Midwives have assisted women during childbirth for hundreds of years, but the official profession of nurse-midwife began in the US in the mid-1920s.
From its beginnings in rural areas, there are now programs to certify midwives in many colleges and institutions of higher learning. A national certification exam assures soon-to-be parents that they and their child will receive highest standard of care.
What Is a Midwife?
A midwife is a trained health care professional who focuses on women’s health – in particular on pregnancy, birth, and reproductive care. Her job is to care for a woman throughout pregnancy and childbirth.
Among other responsibilities, a midwife can:
- Perform exams and order tests before a woman becomes pregnant
- Act as an advisor about getting pregnant and maintaining a healthy pregnancy
- Provide support and information about delivery and postpartum issues
- Act as a birth coach and actively deliver the child
- Help coordinate medical care if the new mother or child requires it
Individual states have different laws that regulate the classification and certifications of midwives. In general, there are three different categories:
- Certified Nurse Midwives. Also called CNMs, these midwives are graduates of a nurse-midwifery program. In order to be certified, CNMs must pass a national, standardized exam. Being licensed allows CNMs to work anywhere in the United States.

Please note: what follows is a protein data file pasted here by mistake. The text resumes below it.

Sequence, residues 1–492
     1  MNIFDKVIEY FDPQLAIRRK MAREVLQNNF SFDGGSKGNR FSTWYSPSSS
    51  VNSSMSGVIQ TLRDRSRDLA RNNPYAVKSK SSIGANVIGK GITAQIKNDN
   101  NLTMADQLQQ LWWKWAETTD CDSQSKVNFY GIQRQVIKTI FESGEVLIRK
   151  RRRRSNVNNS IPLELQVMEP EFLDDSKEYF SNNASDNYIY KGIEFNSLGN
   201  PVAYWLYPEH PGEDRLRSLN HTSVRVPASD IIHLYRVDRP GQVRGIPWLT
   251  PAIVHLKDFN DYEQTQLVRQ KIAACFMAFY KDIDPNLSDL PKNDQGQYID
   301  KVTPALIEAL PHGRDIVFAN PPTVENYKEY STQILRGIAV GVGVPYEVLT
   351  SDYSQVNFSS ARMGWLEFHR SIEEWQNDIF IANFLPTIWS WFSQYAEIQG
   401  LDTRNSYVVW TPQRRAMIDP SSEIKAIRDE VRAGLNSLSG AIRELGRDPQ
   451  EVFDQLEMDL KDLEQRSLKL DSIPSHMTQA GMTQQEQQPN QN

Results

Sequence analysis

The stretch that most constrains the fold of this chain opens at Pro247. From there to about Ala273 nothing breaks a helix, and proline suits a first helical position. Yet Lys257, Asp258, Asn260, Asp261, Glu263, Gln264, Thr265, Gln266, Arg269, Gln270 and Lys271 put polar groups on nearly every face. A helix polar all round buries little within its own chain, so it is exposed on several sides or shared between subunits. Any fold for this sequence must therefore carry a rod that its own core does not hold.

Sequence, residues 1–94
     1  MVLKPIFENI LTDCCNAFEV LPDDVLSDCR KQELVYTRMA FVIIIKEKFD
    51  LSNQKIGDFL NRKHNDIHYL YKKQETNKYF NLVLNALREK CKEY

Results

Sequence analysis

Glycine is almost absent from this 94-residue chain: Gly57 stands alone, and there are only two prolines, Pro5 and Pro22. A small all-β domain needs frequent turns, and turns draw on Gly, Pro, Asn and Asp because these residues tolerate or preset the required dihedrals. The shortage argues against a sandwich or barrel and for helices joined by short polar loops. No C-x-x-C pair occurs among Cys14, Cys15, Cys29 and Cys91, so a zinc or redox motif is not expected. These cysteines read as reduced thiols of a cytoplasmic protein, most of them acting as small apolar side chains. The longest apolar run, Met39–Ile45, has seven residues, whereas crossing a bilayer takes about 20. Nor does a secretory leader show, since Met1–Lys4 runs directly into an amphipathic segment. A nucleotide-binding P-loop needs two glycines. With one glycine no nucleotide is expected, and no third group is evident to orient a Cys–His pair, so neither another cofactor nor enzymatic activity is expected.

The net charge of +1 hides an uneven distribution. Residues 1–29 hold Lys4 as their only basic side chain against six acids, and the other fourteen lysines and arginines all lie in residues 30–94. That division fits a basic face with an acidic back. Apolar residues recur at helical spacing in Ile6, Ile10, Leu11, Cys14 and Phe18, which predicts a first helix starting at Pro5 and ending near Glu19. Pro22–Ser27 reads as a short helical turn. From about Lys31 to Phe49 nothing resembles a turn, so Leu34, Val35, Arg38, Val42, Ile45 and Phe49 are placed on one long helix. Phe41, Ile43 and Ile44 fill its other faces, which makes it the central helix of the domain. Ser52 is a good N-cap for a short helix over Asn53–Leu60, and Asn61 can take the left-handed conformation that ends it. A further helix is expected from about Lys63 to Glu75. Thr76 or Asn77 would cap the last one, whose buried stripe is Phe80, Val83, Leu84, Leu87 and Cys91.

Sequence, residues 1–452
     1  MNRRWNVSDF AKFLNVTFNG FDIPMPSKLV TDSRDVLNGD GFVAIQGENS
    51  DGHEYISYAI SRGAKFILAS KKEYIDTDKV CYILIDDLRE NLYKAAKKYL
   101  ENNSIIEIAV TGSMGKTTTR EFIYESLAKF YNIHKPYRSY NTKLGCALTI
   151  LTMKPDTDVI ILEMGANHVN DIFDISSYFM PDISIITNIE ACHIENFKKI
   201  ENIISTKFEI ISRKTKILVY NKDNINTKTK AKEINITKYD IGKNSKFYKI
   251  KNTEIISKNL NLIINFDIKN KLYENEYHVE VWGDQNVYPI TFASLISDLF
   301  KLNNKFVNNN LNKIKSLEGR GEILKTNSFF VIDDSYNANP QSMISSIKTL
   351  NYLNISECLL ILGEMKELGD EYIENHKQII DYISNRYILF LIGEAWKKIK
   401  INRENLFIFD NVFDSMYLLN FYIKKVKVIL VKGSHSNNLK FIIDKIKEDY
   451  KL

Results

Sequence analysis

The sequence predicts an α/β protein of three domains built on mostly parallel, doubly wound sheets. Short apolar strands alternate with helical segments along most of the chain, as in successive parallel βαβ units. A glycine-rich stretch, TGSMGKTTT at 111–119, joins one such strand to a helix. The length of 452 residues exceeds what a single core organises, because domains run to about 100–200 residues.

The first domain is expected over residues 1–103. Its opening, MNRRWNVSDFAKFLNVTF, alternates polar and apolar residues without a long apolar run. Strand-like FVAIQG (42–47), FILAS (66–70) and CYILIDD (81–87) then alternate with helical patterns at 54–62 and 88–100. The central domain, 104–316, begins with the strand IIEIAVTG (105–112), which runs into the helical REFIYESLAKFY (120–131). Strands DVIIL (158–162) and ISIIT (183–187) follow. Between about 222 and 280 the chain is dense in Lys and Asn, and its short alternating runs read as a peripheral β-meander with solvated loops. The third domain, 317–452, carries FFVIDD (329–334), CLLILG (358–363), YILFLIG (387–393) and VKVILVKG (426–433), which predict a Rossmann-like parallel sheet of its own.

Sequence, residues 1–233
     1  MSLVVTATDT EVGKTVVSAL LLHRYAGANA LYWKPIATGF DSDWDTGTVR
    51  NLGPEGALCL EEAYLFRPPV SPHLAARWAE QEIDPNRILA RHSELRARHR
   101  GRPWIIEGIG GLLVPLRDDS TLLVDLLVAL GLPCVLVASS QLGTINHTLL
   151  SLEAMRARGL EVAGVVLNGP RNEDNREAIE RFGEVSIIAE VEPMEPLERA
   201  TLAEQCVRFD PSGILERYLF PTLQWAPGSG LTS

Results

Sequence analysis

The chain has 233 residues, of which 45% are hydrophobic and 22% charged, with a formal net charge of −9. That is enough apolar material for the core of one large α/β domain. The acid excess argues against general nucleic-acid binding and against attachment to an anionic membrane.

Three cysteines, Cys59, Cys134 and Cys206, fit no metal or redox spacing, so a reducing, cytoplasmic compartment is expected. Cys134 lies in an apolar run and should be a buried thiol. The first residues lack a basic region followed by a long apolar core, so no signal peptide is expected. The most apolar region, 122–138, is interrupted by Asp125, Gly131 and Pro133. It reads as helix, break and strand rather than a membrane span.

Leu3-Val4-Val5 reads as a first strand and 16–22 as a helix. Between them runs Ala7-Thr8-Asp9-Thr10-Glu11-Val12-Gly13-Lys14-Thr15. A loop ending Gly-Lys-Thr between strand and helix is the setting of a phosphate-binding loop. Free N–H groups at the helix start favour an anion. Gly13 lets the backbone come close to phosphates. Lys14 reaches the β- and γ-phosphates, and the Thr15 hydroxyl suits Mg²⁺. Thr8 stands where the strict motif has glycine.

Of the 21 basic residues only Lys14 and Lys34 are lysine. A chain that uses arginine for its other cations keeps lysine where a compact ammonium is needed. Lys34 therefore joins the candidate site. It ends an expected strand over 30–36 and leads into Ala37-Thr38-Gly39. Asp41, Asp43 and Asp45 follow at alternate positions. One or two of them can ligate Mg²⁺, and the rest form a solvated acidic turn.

- Certified Midwives. Also known as CMs, these midwives must graduate with a bachelor’s (or higher) degree specializing in health care or a related field. In addition, CMs must complete a midwifery program and successfully pass a national, standardized exam. Unlike CNMs, CMs are not nurses. Also, CMs are more limited in where they can practice, with only a few states granting permission to practice.
- Certified Professional Midwives. Also known as CPMs, these are midwives who have passed a national, standardized exam, and who also have both training and clinical experience in childbirth, both in and out of a hospital setting. Again, states differ as to where and if CPMs are allowed to practice.
When is a Midwife a Good Choice?
Some women are more comfortable planning and going through delivery with a midwife.
Midwives can perform deliveries at a woman’s home, at specialized birth centers, or at a hospital.
Women who have experienced complications during pregnancy such as gestational diabetes, high blood pressure, or who have experienced difficulties in previous pregnancies may prefer to deliver their child with an obstetrician and medical staff – although a midwife can work with an obstetrician to support the mother-to-be during pregnancy, childbirth, and afterward.
If you are in search of a high-quality OB/GYN center, consider University OB/GYN Associates. We are affiliated with SUNY Upstate Medical University in Syracuse, New York. Our gynecologists and obstetricians are more than expert clinicians; they are dedicated, caring professionals with the highest regard for each patient. To make an appointment, call (315) 464-5162. You can also request an appointment online.